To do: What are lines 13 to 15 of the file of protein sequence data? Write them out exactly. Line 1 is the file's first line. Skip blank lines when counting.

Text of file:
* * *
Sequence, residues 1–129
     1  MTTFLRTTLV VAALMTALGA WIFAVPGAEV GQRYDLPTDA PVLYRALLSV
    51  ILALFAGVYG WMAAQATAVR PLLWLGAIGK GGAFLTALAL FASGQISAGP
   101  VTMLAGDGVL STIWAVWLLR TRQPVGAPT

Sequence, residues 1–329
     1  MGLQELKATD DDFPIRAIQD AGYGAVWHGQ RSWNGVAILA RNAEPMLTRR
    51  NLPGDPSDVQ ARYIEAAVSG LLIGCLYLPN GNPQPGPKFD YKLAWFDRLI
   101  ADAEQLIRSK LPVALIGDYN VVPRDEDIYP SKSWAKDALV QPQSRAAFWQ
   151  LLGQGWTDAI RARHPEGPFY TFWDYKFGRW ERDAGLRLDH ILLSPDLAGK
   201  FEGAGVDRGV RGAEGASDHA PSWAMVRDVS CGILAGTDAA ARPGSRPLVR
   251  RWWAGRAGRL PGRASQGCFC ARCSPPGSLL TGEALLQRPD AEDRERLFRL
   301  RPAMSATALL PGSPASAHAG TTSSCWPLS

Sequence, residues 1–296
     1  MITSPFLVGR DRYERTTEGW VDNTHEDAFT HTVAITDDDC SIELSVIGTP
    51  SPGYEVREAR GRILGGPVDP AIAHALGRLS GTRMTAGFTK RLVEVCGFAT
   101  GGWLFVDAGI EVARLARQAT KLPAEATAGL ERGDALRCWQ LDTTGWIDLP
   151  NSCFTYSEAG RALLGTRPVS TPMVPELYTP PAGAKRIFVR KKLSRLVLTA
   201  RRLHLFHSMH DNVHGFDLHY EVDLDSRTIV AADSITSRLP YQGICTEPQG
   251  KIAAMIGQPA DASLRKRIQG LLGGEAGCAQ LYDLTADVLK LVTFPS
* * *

Sequence, residues 1–296
     1  MITSPFLVGR DRYERTTEGW VDNTHEDAFT HTVAITDDDC SIELSVIGTP
    51  SPGYEVREAR GRILGGPVDP AIAHALGRLS GTRMTAGFTK RLVEVCGFAT